Food for Thought from NRA 2013

A few colleagues and I recently returned from NRA Show 2013, a leading trade show produced by the National Restaurant Association for foodservice professionals. With five clients at the show, we were busy connecting with their teams and customers, but we also carved out time to scope out their competition while walking the floor.

Aside from keeping an eye on booths relevant to our clients, it was also interesting and helpful to see how other companies were utilizing their floor space. I walked away with a couple of key observations.

1) Open or closed?
It seems like a lot more marketers are closing off their booths so that prospects need to walk “inside” to truly engage with the brand. This makes sense for those trying to fend off hungry passersby more interested in food samples than the actual products (guilty!), but I think it’s important to also consider your “booth buzz” before making that decision. Take PepsiCo and Coca-Cola for example. PepsiCo featured a more closed-in booth design, inviting customers to walk through different areas to interact with the sales team. Coca-Cola featured a free-for-all drink station with plenty of standing room. After observing both booths, I couldn’t help but think that if I were a restaurant operator trying to choose between Coke or Pepsi products, the “buzz” at the Coca-Cola booth seemed to imply that more people preferred Coke. However, I do realize that PepsiCo had to segment their booth to support the many different product categories they offered, so perhaps that was the right decision for them.

The takeaway? When designing your next booth, carefully think about your goals. If you’re pre-scheduling meetings or hosting presentations or demos, consider utilizing exterior walls to create a more private atmosphere. If you’re trying to build a more energetic environment to draw in foot traffic, make sure your booth doesn’t feel invite-only.

2) Boring? No way.
In B2B, we may not be dealing with the sexiest new cars and fashion, but that doesn’t mean that our marketing shouldn’t be just as creative. Whoever thought all potatoes were the same before NRA would be proved wrong if they walked by the Idaho Potato booth. I got the biggest kick out of how they took a seemingly mundane product (I mean, it’s just a potato, right?) and created probably the most compelling booth at the show. Visitors were invited to sit in front of a green screen, where their faces were turned into singing, dancing potato enthusiasts. Each participant walked away with a DVD they could share with their colleagues and on social media. The charismatic potatoes even have their own Facebook page: www.facebook.com/StuntTater.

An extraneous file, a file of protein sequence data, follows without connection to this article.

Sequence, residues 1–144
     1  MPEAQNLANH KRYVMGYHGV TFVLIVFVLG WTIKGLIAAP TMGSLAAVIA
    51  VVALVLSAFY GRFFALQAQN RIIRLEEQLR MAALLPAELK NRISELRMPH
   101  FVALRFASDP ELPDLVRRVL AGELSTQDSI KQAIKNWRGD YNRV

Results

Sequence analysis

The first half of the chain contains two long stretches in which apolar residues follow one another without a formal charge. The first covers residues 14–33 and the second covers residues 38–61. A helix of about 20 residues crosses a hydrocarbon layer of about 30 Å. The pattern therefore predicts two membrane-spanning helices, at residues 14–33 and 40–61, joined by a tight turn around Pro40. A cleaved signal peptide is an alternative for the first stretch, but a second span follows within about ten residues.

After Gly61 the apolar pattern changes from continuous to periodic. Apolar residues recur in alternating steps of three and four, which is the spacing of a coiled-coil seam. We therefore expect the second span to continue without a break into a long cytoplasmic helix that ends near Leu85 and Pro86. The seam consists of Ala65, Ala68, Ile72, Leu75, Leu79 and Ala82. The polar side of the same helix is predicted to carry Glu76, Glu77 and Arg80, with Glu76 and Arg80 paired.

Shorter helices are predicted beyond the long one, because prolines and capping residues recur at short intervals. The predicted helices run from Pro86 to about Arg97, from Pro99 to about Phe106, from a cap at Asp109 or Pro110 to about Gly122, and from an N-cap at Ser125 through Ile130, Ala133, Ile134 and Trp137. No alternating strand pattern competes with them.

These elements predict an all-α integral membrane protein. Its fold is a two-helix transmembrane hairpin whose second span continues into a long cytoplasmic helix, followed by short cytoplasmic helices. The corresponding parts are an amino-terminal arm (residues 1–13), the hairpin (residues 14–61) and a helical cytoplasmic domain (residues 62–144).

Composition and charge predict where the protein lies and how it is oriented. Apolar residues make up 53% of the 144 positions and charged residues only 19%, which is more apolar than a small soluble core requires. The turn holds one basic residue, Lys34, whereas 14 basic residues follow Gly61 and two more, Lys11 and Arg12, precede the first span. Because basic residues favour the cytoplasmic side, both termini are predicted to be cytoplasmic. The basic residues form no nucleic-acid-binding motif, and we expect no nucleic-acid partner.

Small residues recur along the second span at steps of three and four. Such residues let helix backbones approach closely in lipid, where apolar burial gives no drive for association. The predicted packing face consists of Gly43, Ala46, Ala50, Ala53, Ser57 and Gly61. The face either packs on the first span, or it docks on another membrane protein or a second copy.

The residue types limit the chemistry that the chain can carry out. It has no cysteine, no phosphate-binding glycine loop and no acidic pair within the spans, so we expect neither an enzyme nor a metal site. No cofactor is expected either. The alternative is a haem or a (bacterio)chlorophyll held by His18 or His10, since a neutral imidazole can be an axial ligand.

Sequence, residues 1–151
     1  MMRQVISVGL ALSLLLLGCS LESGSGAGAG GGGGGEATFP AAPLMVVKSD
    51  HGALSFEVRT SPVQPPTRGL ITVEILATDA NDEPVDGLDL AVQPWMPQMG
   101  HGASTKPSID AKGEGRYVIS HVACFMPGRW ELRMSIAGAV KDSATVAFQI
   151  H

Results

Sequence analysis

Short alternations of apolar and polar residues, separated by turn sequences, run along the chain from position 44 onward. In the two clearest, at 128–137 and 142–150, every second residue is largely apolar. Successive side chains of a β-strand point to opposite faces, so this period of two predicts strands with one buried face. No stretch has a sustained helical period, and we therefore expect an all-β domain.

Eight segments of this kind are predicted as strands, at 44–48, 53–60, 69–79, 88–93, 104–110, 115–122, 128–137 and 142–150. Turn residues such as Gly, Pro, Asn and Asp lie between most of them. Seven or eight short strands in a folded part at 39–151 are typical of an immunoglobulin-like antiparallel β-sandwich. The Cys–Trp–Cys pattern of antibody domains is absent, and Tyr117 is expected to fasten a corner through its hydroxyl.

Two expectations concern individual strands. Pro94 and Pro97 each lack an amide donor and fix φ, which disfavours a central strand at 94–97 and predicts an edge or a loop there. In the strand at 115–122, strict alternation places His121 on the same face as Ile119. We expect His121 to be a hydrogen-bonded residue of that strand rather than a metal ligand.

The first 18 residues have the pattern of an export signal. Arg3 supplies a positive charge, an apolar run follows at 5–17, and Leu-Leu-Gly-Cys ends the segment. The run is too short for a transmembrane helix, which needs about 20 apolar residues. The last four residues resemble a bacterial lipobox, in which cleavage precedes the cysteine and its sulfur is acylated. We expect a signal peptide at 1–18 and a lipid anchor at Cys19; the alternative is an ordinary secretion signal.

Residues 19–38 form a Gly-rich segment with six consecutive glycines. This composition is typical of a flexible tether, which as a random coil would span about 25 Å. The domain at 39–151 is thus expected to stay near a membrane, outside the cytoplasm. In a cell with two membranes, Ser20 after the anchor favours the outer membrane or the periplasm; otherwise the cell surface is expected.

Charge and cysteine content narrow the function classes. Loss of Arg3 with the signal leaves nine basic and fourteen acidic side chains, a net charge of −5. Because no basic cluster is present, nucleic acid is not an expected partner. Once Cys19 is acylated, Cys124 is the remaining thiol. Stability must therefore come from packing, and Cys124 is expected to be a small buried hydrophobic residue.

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I’m not saying something this “out there” is right for every brand, but all of us can think about ways to make our booths more compelling. What about Jeopardy-style trivia games with prizes for winners? Or contests to see who can learn how to use your product the fastest? When people have an opportunity to win, they’re more inclined to engage.

Above all, when planning for a trade show, it’s important to remember that you are one of hundreds that prospects will see. How will you stand out? Budgets may not always permit you to mix things up, but when you do have an opportunity to re-work your booth structure or integrate a theme, the payoff will be worth the work.

 

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